This project aims to determine the genetic basis of evolutionary change among mammalian metaorganisms. Through the use of highly sophisticated and unique genetic resources in both the house mouse subspecies complex and humans, we identified highly interesting candidate host loci and microbial taxa that may be involved in adaptation by one or both partners. Common aspects that emerged from both model systems are host genes involved in circadian rhythms and bacterial taxa belonging to Bacteroides.
In the second funding period we will conduct a thorough functional characterization of the most influential candidate host genes and bacterial taxa. This includes the pinpointing of causative mutations, the use of knockout mouse models and the characterization of bacterial strain-level variation. Further, we will improve upon 16S rRNA gene-based mapping by extending mapping efforts to the level of functional elements of the gut microbiome, using shotgun metagenomic sequencing. Importantly, the shotgun metagenomic data will also enable us to extend mapping to non-bacterial elements of the gut microbiome, including novel archaeal taxa in mice.
The A2 project is comprised of a unique combination of evolutionary microbiome research, microbiology and state of the art genetic mapping analysis. The latter is made possible by one-of-a-kind mouse genetic resources and being lead participants in international consortia. Accordingly, our project is the first to clearly identify genetic variation in circadian processes as an aspect of ongoing evolutionary dynamics in mammalian metaorganisms, which will be explored in detail in this funding period.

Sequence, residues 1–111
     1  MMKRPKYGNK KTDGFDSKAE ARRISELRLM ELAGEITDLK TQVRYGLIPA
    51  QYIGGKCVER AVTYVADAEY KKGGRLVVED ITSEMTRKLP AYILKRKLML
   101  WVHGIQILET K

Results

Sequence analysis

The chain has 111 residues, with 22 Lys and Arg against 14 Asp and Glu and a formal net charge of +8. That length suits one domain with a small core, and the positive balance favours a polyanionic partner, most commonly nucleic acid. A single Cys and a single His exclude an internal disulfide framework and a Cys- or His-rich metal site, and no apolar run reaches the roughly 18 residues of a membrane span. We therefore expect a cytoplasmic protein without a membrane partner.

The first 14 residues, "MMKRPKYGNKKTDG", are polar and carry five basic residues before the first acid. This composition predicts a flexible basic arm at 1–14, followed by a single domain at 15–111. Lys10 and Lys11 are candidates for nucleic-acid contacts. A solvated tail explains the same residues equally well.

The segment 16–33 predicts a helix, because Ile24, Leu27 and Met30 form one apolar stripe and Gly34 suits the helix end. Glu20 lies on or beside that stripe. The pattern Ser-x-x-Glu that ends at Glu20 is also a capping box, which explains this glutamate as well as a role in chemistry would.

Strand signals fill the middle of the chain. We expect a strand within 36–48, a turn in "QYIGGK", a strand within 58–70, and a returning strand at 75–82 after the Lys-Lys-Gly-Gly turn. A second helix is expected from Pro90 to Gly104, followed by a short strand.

The overall goal of our project is to identify and characterize the genetic basis of evolutionary change between mammalian metaorganisms. Using the house mouse species complex (A2.1, PI Baines) and Hominidae systems (A2.2, PI Franke), we hypothesize that mammals share themes and mechanisms of host-microbe interaction.
Accordingly, the main joint aims of the first funding period were to (i) identify host genomic regions influencing microbial traits by employing genetic mapping approaches, (ii) perform a fine-scale characterization of candidate bacterial taxa at the genomic level, (iii) identify signatures of coadaptation via population genetic and comparative genomic analyses. This work yielded many interesting results, which importantly include overlap in host genes and bacterial taxa between the two model systems.